The detail data of the investigated fold structures are linked with already described Schlingen folds in the wider Alpine realm, which all are concentrated in the most southern parts of the Variscides. From a geodynamic point of view and based on the new tectono-metamorphic constraints, we propose Schlingen formation preceded and concurred the crustal-scale transpressional tectonics of the East Variscan Shear Zone. This scenario separates, at least in a structural sense, the Southern Variscides from more northern parts (also Gondwana derived) inside Pangea, where Schlingen folds are absent.

How to cite: Buehler, M., Zurbriggen, R., Berger, A., Herwegh, M., and Rubatto, D.: Late Carboniferous Schlingen in the Gotthard nappe (Central Alps) and their relation to the Variscan evolution, EGU General Assembly 2021, online, 19–30 Apr 2021, EGU21-6547,, 2021.

Sofia Locchi, Stefano Zanchetta, Marilena Moroni, and Andrea Zanchi

At the end of the Variscan orogeny, several episodes of crustal extension starting in the Early Permian occurred in central Southern Alps (cSA), affecting the Adria passive margin (Handy et al., 1999). During this period, a megashear zone with dextral kinematics led to the transition from Pangea A to Pangea B configuration (Muttoni et al., 2003). The transtensional to extensional deformation regime led to the development of intra-continental basins infilled by Upper Carboniferous to Lower Permian sedimentary successions (Cadel et al., 1996). Crustal shortening related to Alpine compression was responsible for a partial or complete inversion of favourably oriented normal faults inherited from the Permian tectonics (Blom & Passchier, 1997). Despite this, SSE-dipping Early Permian Low-Angle Normal Faults (LANFs) are well-preserved because they exceptionally escaped most of the Alpine deformations. Their surfaces are within the Lower Permian sedimentary cover, or at the interface between the sedimentary cover and the Variscan basement, passing to intra-basement shear zones.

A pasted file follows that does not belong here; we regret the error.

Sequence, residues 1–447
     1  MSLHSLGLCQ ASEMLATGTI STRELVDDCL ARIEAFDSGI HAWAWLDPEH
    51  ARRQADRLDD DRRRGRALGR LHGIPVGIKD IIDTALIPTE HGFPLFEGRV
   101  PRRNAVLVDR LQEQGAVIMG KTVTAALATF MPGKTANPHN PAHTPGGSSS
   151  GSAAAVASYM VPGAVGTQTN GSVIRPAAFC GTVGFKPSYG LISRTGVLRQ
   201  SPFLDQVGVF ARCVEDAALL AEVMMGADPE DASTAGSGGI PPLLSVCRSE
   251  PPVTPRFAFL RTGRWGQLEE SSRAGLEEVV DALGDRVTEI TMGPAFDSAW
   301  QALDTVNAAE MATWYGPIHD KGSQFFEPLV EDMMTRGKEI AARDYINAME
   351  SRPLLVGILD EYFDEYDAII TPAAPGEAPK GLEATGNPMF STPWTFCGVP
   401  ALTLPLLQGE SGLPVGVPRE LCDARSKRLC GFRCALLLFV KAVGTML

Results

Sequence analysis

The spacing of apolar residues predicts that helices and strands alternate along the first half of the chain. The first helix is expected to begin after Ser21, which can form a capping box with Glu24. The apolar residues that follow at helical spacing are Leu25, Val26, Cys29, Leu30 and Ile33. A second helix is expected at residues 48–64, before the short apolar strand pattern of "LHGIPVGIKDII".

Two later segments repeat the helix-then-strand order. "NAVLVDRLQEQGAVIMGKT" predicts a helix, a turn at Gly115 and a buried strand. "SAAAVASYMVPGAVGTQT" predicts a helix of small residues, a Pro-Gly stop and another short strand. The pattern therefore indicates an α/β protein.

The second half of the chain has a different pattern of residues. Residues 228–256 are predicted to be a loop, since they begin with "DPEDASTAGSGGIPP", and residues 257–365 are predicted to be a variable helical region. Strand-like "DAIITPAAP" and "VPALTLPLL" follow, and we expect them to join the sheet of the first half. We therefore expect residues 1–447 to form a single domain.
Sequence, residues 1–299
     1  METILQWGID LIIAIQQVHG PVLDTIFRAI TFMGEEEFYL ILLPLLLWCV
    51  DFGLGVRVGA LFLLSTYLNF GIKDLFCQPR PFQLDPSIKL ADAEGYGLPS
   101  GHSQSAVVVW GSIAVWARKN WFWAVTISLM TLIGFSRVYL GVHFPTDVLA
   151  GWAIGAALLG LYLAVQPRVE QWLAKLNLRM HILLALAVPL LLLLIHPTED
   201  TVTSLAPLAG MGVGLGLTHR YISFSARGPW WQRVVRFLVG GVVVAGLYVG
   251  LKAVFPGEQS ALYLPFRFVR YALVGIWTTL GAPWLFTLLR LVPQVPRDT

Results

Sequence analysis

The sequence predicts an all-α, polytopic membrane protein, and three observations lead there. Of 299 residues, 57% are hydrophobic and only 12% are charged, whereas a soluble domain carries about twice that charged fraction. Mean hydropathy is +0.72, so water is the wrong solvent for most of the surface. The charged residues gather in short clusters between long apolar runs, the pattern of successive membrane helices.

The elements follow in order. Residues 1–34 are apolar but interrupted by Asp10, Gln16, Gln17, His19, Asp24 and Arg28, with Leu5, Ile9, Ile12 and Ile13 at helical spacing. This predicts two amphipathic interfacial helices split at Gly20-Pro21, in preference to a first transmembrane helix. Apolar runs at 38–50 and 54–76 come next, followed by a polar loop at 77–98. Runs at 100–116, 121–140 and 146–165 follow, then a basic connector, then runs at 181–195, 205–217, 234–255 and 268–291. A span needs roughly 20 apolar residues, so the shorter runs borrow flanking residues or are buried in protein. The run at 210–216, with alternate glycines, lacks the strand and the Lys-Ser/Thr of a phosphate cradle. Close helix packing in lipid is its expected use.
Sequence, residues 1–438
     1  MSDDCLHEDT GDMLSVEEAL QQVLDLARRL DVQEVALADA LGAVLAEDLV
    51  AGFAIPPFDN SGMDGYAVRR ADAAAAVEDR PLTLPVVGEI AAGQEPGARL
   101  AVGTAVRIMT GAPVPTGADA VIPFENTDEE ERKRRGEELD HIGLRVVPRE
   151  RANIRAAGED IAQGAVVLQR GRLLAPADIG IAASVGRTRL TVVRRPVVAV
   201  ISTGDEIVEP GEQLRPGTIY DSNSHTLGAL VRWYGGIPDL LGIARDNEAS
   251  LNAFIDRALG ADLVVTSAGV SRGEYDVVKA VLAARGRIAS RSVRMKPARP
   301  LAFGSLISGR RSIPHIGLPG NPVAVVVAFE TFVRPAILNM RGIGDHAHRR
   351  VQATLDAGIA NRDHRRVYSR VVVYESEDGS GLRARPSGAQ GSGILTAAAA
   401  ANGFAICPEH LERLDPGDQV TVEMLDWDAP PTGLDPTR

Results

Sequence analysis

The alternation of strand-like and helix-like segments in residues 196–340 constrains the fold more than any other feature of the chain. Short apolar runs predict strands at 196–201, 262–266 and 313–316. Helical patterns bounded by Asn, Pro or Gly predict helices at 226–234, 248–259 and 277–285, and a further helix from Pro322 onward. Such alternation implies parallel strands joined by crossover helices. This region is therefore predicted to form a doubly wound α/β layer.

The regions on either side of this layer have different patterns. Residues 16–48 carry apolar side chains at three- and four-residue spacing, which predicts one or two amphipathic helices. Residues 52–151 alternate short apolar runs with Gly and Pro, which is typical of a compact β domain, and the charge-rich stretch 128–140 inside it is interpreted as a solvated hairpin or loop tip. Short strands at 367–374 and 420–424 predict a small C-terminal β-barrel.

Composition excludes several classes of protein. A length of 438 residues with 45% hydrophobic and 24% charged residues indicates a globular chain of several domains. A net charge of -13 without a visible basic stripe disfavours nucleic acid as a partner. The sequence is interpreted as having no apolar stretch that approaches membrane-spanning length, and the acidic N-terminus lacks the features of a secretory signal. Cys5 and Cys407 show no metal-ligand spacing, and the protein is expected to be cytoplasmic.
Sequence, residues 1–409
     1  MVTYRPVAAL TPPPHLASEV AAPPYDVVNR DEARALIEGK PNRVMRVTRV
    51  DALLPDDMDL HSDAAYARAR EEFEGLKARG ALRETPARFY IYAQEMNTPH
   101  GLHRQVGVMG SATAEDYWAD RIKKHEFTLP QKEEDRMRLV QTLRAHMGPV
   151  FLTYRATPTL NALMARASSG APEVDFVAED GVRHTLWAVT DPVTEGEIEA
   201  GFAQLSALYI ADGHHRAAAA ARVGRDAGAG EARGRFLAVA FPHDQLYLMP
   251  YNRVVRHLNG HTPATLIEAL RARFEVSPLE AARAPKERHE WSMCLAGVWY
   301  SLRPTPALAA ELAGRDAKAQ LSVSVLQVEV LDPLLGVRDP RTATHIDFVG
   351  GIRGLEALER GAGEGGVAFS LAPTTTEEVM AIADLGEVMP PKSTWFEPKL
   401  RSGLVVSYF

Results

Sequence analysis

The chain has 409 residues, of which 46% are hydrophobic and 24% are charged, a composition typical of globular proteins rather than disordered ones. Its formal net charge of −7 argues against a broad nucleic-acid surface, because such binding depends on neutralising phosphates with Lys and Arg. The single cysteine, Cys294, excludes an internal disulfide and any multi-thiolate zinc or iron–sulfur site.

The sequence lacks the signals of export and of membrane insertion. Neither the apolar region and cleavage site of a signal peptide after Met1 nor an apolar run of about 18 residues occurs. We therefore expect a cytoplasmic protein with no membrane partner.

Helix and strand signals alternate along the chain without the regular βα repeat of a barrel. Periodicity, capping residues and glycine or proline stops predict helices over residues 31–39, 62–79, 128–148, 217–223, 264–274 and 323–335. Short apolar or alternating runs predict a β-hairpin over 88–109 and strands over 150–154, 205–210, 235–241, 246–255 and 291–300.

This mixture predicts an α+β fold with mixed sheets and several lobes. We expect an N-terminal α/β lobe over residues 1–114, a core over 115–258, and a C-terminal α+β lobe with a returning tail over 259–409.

Two major Permian LANFs (Aga-Vedello and Masoni faults) are recorded in the Pizzo del Diavolo Fm. along the northern border of the Permian Orobic Basin (N Italy). They are “non-Andersonian” normal faults whose surfaces are characterized by cataclastic bands usually sealed by centimetric to metric layers of dark grey to black aphanitic tourmalinites (Zanchi et al., 2019). Tourmalinites indicate fluids circulation channelled along high permeability fault zones and are related to magmatic-hydrothermal fluids that produced metasomatic tourmalines with different compositions at different distances from the fluid source, i.e. the crystallizing intrusive bodies. In addition to Aga-Vedello and Masoni faults, further exposures of Permian LANFs occur in other sectors of the cSA and they are always associated with the presence of tourmalinites. Several authors (De Capitani et al., 1999; Slack et al., 1996; Cadel et al., 1996) link the cSA tourmalinites with the U mineralization of Novazza - Vedello district but this correlation could not be so direct and clear, due to the low concentration of Uranium in tourmalinites coming out from our whole-rock analyses.